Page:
Your home and family’s safety is a major priority, and one scenario you want to protect them from is burglary. Yet, your idea of a home burglary is likely extremely different than the real trends out there.
The image in your head of an easy target probably looks like a house with open windows and unlocked doors, and the burglar in this scenario might be wearing a dark mask in the dead of night. However, modern-day thieves approach houses much differently.
When you’re trying to fortify your home, it can help to think like a burglar and anticipate their actions. What draws them to one neighborhood over another, and why do they walk up one driveway and not the next? Let’s cover how burglars pick a house and what that means for your security measures.
How Often Does a Home Burglary Occur?
You might be asking, “Am I really at risk for a home burglary?” Whether you have expensive paintings hanging on your walls and pricey gems in your jewelry box or not, thieves could search for valuables at your residence. In the U.S., it’s estimated that there were 7,694,086 property crimes in 2017, which includes burglary and theft.
Home thefts happen frequently, and the most recent data from the FBI’s Crime Clock shows burglaries happened about every 22.6 seconds. This indicates that you need to take serious actions to maintain safety and monitor your place.
Burglary attempts happen to everyday homes even more often than businesses. In all burglary offenses during 2017, 67.2% were residential property burglaries. Because burglaries are frequent, it’s critical to take the correct steps to ward off break-ins.
What Attracts Burglars to Homes?
Before breaking into a home, burglars have to come up with an effective plan. They case an area and look for particular features in houses. To find out if your place is an easy target for burglars, check out the three main categories of what burglars look for.
1. Easy Access
Plotting a break-in begins with finding entry and exit spots. Often, burglars don’t have to break glass or door frames to come in. Doors and windows with vulnerable locks are a common access point for burglars. If loosening or bypassing them is simple, then it makes getting inside easy. Garage doors and pet doors are both open passages where burglars can get through quickly, too.
Quick departure is another plus for burglars. For instance, houses along a highway or adjacent to the interstate provide a speedy escape.
2. Indications You’re Away
Usually, burglars avoid running into homeowners during the job. According to the most recent data from the Bureau of Justice Statistics on household burglary victimization, no members of the household were present during approximately 72 percent of burglaries. They watch for signs that your home isn’t occupied.
Another misconception about burglary crimes is that most of them happen at night. Surprisingly, of the 2017 residential burglaries, 476,123 happened during the day while only 286,338 occurred at night. A significant reason for this is because burglars expect people to leave for work, errands or school.
3. Low Security and Visibility
Despite the high number of daytime break-ins, many criminals opt for the low visibility of night. They can also look for houses that are difficult to see from the road, so no one catches them in the act.
Minimal security is also a perk for burglars, and they can scope out security sensors, cameras and equipment. They can move on to a house that isn’t equipped with advanced safeguards to speed their job along.
What Items Do Burglars Look for in a Home?
Burglars don’t usually break into a house for ordinary products — they’re seeking special items. Generally, they’re looking for things they can sell for large sums of money. So, what are the items that robbers want to find in your home?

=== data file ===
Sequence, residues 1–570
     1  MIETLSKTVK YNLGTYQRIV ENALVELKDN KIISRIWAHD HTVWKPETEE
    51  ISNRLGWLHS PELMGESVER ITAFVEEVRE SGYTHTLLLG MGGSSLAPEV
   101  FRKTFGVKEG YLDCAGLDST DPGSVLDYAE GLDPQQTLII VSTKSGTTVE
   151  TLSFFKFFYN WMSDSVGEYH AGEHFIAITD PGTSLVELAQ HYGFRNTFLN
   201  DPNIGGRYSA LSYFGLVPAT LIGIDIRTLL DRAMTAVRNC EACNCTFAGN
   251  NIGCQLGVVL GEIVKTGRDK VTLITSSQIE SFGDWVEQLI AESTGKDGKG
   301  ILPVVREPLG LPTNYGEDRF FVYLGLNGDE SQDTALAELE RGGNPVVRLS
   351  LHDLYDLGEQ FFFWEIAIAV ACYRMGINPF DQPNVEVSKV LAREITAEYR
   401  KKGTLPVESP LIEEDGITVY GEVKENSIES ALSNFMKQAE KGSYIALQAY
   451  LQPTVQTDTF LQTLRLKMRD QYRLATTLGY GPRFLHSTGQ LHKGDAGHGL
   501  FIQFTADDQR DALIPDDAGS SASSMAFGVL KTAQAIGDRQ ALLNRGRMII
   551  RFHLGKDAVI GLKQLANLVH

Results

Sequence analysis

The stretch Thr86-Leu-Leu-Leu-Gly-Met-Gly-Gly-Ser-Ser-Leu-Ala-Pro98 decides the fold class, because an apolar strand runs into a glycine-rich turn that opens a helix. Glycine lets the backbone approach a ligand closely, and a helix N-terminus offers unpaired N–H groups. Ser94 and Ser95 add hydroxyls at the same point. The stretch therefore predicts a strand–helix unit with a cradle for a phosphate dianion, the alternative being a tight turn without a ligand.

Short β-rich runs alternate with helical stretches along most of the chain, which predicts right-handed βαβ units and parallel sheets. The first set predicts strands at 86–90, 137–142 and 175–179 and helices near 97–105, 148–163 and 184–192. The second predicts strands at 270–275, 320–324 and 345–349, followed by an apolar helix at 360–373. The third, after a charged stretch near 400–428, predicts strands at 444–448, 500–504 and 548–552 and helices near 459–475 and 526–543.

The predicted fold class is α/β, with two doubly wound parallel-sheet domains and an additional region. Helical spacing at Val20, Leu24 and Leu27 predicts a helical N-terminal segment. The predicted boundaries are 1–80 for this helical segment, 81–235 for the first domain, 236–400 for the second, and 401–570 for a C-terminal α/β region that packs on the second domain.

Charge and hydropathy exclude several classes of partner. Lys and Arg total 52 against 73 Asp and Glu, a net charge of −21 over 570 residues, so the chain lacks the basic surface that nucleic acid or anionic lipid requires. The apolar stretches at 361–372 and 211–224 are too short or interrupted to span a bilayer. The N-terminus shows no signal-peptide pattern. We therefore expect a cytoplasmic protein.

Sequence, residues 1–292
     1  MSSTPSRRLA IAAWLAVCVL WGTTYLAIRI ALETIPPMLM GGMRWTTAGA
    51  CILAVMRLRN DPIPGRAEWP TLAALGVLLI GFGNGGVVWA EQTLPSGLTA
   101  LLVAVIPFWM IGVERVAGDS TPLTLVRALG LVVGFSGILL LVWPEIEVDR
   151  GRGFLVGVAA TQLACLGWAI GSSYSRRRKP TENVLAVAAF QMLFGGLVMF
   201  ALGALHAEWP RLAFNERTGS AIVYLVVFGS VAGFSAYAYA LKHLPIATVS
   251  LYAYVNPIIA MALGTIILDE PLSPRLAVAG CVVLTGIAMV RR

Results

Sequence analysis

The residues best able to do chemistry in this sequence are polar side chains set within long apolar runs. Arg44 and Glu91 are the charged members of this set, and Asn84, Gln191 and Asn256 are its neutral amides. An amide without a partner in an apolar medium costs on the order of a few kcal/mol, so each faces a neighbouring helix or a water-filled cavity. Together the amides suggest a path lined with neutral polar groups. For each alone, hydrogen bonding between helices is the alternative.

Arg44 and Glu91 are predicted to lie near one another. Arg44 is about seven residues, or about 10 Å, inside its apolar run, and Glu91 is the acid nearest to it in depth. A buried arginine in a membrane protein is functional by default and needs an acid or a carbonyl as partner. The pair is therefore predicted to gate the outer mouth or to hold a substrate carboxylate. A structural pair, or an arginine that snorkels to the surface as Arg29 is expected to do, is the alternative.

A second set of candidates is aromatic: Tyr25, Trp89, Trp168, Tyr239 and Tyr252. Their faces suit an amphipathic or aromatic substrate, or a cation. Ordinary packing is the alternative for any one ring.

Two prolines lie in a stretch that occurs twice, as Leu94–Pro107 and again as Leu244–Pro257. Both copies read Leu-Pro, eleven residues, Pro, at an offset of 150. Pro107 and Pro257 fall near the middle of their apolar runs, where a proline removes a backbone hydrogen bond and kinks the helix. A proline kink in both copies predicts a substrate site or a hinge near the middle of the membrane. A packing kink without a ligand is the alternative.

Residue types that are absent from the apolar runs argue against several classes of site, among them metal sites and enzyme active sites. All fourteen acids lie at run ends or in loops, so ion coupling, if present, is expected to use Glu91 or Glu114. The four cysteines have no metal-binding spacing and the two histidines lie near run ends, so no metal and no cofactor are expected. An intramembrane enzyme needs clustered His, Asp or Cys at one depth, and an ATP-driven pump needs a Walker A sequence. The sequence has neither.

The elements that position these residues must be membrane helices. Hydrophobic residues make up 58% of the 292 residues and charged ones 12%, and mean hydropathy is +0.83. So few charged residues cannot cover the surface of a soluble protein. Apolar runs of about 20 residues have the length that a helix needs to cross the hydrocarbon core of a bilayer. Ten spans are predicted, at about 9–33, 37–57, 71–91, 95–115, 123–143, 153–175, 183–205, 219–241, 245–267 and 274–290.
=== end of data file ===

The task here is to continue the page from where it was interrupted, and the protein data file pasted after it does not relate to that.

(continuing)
Jewelry and Cash: These are two straightforward items burglars aim for. They’re also the leading items that homeowners report stolen.
Medication: In recent years, medication has been a popular goal for robbers. They can rummage through medicine cabinets looking for opioids and other prescription drugs to resell for a profit.
Electronics: Electronics are another front runner in burgled goods. Smaller items are easier to transport during a job though, so bulkier technology may get left behind.
Discreet storage areas for these items can keep you from losing money and assets. Deposit these common burglar targets in an unpredictable spot in case a break-in happens.
How Can I Stop My House From Being Robbed?
While residential break-ins are prevalent, there are plenty of ways you can set up your house to deter thieves. From incorporating visual cues to adding alerts, you can minimize the risk of burglary. Check out these tips on how to stop your home from being robbed.
1. Lock Your Doors
Jiggling the doorknob is one of the first things a burglar tries when they’re working on entering your place. Unfortunately, this can work because many people leave their homes unlocked. Forcible entry only makes up a portion of burglaries, leaving many successful attempts of walking through the front door. An unlocked door is a serious breach, and even if your neighborhood has a low crime rate, it’s best to lock up when you’re going out.
The type of lock you use can also reinforce your security. Deadbolt locks are the most reliable kinds of locks because thieves have a more challenging time finagling their way through them. Other types are disengaged through well-known techniques, like using a wrench or credit card.
Also, don’t leave your spare key under the doormat or in a nearby planter. Burglars can quickly locate these hiding spots and gain immediate access. Carry your key with you, and put the back-up in a less obvious spot.
2. Don’t Leave First-Floor Windows Open
Most thieves aren’t looking to scale your building like an iconic cat burglar, so they’ll search for a ground level passageway. Numerous break-ins start with a first-floor window when they’re unlatched or propped open. Especially during summertime heat, you can forget to close each window on the main floor.
Some air conditioning units are positioned in windows to keep cooling and ventilation going, but thieves can take advantage of this opening. They can pull the unit out and force the window open. Moving these to windows on the second or third story can decrease this danger. Alternatively, you can install central air conditioning to keep the windows fully secure.